Central principal honored to represent state

Melissa Hensley

Central High School Principal Melissa Hensley is honored to have represented Central High School, Shenandoah County Public Schools and the state of Virginia as a national finalist for the Principal of the Year award.

Hensley was one of three finalists contending for National Principal of the Year, an award given by the National Association of Secondary School Principals.

Tom Dodd, of Lesher Middle School in Fort Collins, Colorado, was ultimately named the 2017 National Principal of the Year award this month.

Hensley also competed against Stephanie Johnson, of Maynard H. Jackson High School in Atlanta.

Hensley said she was glad to meet Dodd last month at the National Association of Secondary School Principals Institute in Washington, D.C.

“He is very deserving of the award and I extend my utmost respect and congratulations to him on the distinguished honor (of) being selected as the recipient of the National Principal of the Year Award,” she said. “I am very proud of him and his accomplishments.”

Hensley said even though she wasn’t named the national principal of the year, the experience connected her with great administrators throughout the nation.

“I am humbled to be a part of such a prestigious and elite (group of) educators who are changing the face of education,” she said.

She added that the journey of becoming a finalist for the award “was truly one of the best experiences of my professional career.”

Hensley was also recently named Virginia’s Outstanding Principal of the Year.

Hensley added that Central High School is also no longer in the running for the $10 million grant, XQ: The Super Schools Project, headed by Laurene Powell Jobs, widow of Apple co-founder Steve Jobs. The grant goes to selected high schools to reinvent education for the future.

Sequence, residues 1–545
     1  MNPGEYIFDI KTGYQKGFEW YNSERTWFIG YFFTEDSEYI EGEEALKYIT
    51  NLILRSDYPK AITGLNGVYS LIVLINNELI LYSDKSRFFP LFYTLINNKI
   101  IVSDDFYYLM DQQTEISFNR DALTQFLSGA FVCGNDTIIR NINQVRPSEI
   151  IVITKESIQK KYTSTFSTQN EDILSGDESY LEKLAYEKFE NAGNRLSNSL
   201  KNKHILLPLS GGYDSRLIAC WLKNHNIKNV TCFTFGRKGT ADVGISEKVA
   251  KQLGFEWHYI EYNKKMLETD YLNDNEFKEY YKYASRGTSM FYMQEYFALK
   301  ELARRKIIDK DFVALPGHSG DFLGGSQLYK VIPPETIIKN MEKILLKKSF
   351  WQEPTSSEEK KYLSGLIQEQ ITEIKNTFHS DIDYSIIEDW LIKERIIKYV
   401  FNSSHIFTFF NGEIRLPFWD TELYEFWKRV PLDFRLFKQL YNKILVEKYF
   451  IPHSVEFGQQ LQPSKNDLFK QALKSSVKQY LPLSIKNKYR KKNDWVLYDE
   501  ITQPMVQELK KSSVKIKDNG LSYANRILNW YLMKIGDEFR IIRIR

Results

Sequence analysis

Over 700 schools applied for the grant, including Central High School, with 10 schools receiving the grant.

The 10 recipient schools are:
• New Harmony High School of New Harmony, Louisiana.
• Furr High School of Houston, Texas.
• Grand Rapids Public Museum School of Grand Rapids, Michigan.
• Rise High School of Los Angeles.
• Powderhouse Studios of Somerville, Massachusetts.
• Brooklyn Lab High School of Brooklyn, New York.
• Design-Lab High School of Wilmington, Delaware.
• Vista Challenge High School of Vista, California.
• Washington Leadership Academy of Washington, D.C.
• Summit Elevate of Oakland, California.

Three runner-up schools will also receive funding. The Bartleby School, a project by Elizabethton High School will receive $200,000, as well as $1,000 in college tuition for students involved in the project. Iowa BIG will receive $1 million over five years, and Seminole County Public Schools will receive $1 million over five years.

Hensely added that Central High School will continue to raise the bar so all students are successful.

She said new initiatives for the school year will focus on phase one of a three-phase initiative to move to a 1:1 Chromebook environment.

“We will focus on effectively integrating technology into inquiry-based educational delivery models,” she said.

“Along with this initiative, staff will receive training around the concepts of authentic learning and inquiry so that this technology becomes a part of the culture, not just another disconnected tool.”

The initiative will allow students choices of assignments and favors projects and papers over tests and quizzes while giving students the opportunity to engage with what interests them.

“Led by our instructional collaborator team, we are in the beginning stages of brainstorming, adding an advisory period to our day so that all students have at least one adult that they have a relationship with.”

Contact staff writer Kaley Toy at 540-465-5137 ext. 176, or ktoy@nvdaily.com.